The Dallas Morning News had an excellent beginner’s guide to Social Security retirement this week. As the nation’s baby boomers begin to hit the early retirement age of 62, there will be literally millions of new retirement applicants. The News article is a great primer for planning to file for benefits. Please read the entire article. Here are few excerpts:
Beginning Jan. 1, the first of 78 million baby boomers will turn 62 and qualify for early retirement benefits. About three in four are expected to claim those benefits before their full retirement age of 66 or 67.
Officials hope the more computer-savvy members of that generation will turn to the agency’s Web site – socialsecurity.gov – for advice and help.
“Look online first,” said Wes Davis, a Social Security spokesman in Dallas. “If that’s not possible, call our toll-free number [1-800-772-12131-800-772-1213] or make an appointment to visit one of our offices.”
To help boomers get started on the road to retirement, here are the answers to some of the most common questions about Social Security.
How, and when, do I sign up for benefits?
Generally, you should apply for retirement benefits about three months before you want them to begin, Mr. Davis said.
How much will I receive each month from Social Security?
“It’s the No. 1 question we hear,” Mr. Davis said. “Essentially, your benefits are based on how much you earned during your lifetime and when you retire.”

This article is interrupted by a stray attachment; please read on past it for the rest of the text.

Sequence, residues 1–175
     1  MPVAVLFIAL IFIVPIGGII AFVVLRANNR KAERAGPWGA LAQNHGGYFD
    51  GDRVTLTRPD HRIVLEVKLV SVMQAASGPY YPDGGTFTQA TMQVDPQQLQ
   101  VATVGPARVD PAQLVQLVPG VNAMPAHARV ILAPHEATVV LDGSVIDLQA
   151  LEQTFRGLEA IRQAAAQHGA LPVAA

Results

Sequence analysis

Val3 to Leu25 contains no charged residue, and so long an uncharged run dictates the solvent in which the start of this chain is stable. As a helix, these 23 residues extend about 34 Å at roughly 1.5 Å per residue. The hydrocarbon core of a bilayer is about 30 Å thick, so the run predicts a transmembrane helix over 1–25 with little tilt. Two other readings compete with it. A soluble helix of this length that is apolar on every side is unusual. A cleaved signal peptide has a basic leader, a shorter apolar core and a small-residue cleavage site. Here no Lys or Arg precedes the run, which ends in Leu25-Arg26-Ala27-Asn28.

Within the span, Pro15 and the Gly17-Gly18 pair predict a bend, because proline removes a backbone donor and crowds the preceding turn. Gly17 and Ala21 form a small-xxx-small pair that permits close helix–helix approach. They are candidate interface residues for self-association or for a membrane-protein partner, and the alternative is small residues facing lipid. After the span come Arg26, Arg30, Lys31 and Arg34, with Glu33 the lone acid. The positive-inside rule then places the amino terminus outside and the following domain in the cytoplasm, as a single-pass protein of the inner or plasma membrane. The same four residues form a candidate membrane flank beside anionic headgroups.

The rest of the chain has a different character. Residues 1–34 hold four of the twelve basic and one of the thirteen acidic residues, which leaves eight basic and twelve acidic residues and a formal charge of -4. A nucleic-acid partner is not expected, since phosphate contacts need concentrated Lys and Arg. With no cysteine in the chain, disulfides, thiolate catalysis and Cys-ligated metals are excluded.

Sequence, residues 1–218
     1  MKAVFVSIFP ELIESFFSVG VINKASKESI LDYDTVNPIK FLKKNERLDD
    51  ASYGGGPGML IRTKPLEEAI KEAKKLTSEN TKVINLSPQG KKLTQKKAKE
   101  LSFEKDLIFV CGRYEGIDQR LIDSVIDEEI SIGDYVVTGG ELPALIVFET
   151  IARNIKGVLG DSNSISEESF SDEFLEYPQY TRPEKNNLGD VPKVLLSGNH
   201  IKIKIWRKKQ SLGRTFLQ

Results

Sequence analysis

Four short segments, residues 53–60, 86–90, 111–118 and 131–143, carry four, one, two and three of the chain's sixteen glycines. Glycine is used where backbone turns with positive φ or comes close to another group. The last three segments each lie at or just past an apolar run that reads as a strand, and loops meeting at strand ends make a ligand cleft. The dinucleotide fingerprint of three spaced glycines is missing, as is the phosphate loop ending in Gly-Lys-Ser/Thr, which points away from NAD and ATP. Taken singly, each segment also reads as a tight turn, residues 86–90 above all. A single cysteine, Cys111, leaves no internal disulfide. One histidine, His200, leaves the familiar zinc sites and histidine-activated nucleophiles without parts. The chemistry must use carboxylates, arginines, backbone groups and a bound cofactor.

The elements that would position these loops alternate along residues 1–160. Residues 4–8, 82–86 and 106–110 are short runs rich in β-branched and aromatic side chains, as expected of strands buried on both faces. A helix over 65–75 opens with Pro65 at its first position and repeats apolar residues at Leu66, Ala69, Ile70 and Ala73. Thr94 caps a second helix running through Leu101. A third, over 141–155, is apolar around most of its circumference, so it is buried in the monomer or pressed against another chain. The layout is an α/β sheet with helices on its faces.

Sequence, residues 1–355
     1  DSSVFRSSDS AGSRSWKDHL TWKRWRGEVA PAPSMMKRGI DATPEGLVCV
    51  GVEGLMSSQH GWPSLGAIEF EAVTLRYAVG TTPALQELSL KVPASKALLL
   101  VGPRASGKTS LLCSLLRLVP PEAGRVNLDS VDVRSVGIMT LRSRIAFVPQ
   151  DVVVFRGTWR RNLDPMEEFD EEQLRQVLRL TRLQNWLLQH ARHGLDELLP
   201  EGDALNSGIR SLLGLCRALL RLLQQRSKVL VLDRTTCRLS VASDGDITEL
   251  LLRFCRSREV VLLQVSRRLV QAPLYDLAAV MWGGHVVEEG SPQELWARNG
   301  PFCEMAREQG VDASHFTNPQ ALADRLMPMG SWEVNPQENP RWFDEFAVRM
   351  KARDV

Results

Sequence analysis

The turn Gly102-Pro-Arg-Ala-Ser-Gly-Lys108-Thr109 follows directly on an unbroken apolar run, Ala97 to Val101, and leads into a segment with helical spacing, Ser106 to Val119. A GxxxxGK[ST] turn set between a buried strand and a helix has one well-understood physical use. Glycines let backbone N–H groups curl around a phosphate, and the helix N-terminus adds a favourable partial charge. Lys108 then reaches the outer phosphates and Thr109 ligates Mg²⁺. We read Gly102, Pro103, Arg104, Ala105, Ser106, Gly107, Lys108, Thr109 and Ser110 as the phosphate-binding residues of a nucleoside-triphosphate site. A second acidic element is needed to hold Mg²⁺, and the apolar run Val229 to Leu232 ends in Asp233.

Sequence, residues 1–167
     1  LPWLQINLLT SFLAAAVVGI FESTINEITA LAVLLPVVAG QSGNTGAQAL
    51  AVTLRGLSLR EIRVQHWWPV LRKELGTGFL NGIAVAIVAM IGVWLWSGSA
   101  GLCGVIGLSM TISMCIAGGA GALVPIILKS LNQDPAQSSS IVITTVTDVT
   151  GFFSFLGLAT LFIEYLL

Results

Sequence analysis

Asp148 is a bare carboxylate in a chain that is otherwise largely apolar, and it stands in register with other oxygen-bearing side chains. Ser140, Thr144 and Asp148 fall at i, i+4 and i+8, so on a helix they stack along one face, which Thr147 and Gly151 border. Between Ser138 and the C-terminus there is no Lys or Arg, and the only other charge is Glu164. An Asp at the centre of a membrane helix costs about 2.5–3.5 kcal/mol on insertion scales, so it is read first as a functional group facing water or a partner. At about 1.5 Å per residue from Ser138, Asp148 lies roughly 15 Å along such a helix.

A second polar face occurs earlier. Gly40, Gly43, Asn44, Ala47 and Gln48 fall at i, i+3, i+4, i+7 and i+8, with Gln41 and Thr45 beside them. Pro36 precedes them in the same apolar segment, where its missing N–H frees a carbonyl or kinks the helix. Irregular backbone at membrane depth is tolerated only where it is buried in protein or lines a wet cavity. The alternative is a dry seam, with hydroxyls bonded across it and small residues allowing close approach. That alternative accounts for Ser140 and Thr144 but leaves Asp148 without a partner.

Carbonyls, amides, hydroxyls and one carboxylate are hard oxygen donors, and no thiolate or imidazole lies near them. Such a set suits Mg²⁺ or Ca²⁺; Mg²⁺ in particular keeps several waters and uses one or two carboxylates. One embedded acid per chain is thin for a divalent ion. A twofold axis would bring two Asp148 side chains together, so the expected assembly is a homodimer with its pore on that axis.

The average monthly benefit for a retired worker will be $1,079 in 2008.
What’s the best age to start drawing benefits?
To collect your full benefits, you’ll need to wait until 66 if you’re a boomer born before 1955 – and up to a year more if you’re younger.
But as long as you’re willing to accept a smaller check, you can retire anytime after your 62nd birthday.
How much can a spouse receive?
A spouse who hasn’t worked or has low earnings may be entitled to a check equal to half of the other spouse’s benefit, Mr. Davis said.
If you’re eligible for your own retirement benefits and for spousal benefits, however, you can’t collect both. Instead, you’ll get the higher of the two.
What about divorced spouses’ benefits?
You may be able to collect on your former spouse’s Social Security record, but there are a number of wrinkles, Mr. Matthews said.
How much can I earn and still get Social Security benefits?
“Once you reach your full retirement age, there’s no limit on what you can earn while on Social Security. But before then, your benefits may be reduced,” Mr. Davis said.
Generally, if you’re working, collecting Social Security and still under your full retirement age, the government will deduct $1 from your benefit for every $2 you earn above an annual limit – $13,560 in 2008.
Are my benefits taxable?
Possibly. Depending on your other income, you may have to pay federal income taxes on up to 85 percent of your benefits, Mr. Davis said.
You’ll owe taxes if you file as an individual and your “combined income” is more than $25,000 or if you file a joint return and you and your spouse have combined income of more than $32,000.
When I start receiving benefits, will the amount be the same for the rest of my life?
No, your benefits are almost certain to increase each year, since Social Security is one of the few sources of retirement income adjusted for inflation.
If I collect Social Security at 62, can I also sign up for Medicare at the same time?
Probably not. Medicare coverage doesn’t begin for most people until 65.